Olivia H.

  4. Jocelyn French says:

    Hello Helen,

    This is an interesting topic and a very real in today’s society. It is something that everyone should be thinking about.
    When I first got social media, every site I was on was my first and last name because I could not think of something creative. Then a few years later I changed all my social media to not be my first and last name, so that it was creative and fun, something that was relating to me in a way and so it was harder for people I met randomly to find my social media.
    As an inspiring teacher, a big topic in teaching is your digital footprint. There are a lot of stories about teachers posting something to their personal page and then being fired because of it. It is scary to think that something I post could be the cause of me losing a job. Since my digital name and real name are different I want it to be harder for people to look up my social media, so I can make my social media as private as possible to not cause anyone to be discouraged of my ability as a teacher.
    When I look up my name, nothing about me comes up. Everything is about many different people with the same name. My Facebook page is even at the bottom of the list. This makes me wonder if I should leave it the way things are when someone looks up my name so that no one can find my social media when I become a teacher, or should I make it so when people look my name up they can find my digital footprint?

    Jocelyn French

    • HJ.DeWaard says:

      Hi Jocelyn. I went through similar concerns when first dipping into social media and digital spaces. I used a pseudonym and an avatar so I was hidden from clear view. At one point I made the decision to come out from behind those ‘masks’ and be visible in all spaces. I had to think and reflect on the name and persona I wanted to present to those in digital spaces so I could be found easily and I could be recognized for what I was passionate about. I wrote a bit about it in Awaken the Dragon (https://fiveflames4learning.com/2015/01/16/awaken-the-dragon/).

      You’ll need to make a critical decision for yourself but the benefit in having one persona in all your digital tools, apps and spaces is that you will then flood the search engines so when people look for you, they find LOTS of stuff you are doing, saying, reading and writing. It’s a daunting process, but consistency, professionalism and passion will come through. People will see the ‘true you’. Good luck with crafting you digital identity. Look forward to ‘seeing you’ for real.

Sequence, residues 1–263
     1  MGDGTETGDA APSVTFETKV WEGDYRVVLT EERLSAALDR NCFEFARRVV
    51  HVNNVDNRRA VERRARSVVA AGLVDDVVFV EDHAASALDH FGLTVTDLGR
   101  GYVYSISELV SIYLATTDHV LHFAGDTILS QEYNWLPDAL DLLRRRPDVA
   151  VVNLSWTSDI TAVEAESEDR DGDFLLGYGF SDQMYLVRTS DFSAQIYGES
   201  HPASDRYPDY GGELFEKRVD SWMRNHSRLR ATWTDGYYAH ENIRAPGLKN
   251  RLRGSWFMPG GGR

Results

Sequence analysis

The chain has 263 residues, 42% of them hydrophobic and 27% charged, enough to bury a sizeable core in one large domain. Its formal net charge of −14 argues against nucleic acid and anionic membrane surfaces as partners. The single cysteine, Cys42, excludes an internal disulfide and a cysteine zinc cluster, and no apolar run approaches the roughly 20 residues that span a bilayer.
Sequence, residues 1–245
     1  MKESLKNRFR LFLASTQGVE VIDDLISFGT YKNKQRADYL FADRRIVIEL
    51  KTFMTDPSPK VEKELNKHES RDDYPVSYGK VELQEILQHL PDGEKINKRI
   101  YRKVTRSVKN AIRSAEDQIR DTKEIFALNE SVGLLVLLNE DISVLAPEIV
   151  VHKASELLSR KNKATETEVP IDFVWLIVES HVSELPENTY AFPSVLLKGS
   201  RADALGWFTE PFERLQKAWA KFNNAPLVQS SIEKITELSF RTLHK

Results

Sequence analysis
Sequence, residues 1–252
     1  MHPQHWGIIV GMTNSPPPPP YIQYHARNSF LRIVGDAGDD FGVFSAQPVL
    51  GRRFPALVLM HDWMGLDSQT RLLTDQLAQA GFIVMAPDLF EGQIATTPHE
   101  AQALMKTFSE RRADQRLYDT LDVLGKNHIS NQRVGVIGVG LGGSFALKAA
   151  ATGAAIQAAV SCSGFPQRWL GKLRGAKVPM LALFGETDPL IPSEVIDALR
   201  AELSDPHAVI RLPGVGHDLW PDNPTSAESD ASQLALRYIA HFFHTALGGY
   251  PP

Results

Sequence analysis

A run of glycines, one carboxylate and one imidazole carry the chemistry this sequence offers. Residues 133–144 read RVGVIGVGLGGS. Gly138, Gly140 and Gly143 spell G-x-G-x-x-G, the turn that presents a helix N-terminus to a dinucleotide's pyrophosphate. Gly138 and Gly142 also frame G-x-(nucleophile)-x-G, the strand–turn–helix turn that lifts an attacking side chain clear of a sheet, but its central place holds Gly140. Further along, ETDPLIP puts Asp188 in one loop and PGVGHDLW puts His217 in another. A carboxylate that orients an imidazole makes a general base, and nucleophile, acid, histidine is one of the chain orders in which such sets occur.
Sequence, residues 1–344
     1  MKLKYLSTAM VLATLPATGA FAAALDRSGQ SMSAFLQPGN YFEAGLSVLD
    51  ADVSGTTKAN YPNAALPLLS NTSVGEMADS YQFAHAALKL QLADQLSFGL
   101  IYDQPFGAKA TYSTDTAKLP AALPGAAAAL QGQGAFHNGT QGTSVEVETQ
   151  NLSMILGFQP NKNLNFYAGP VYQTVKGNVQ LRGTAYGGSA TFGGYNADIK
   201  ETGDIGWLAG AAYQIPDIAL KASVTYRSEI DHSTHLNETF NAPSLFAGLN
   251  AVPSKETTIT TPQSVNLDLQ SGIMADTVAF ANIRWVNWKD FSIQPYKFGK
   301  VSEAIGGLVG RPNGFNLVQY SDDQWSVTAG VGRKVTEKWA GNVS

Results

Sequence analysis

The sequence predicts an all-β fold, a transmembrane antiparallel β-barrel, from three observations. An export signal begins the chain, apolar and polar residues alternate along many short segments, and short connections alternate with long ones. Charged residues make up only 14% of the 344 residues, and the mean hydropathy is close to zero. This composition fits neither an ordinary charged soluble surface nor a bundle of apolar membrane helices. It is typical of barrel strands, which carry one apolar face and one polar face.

5. As an aspiring teacher, I have spent some time trying to ensure my digital persona is professional and the question of what name I go by is one that I have spent some time trying to answer. I grew up assuming that teachers should always be called by their last name, that using first names was unprofessional. Since being at university, I have now been able to see the benefit of going by your first name with your students. However, I still believe that age plays a huge part in the ability to do this.
    I worked in an elementary school as a tutor for EQAO and had one of the teachers refer to me by my first name around her students, which resulted in them having very little respect for me when I was trying to teach them math lessons. They were grade three students, and to them, they assumed that since they knew my first name, I was more their friend than any sort of authority figure in the school.
    In this instance, I saw the problems of using my first name around younger students, but I also feel as though first names can make students connect to a teacher more and feel more comfortable and trusting around them. So should I use my first name in digital spaces, or strictly go by my “teacher name”? Also, is there a benefit in using titles, such as Mrs., in digital spaces? I’m curious to see what advice you have regarding this issue?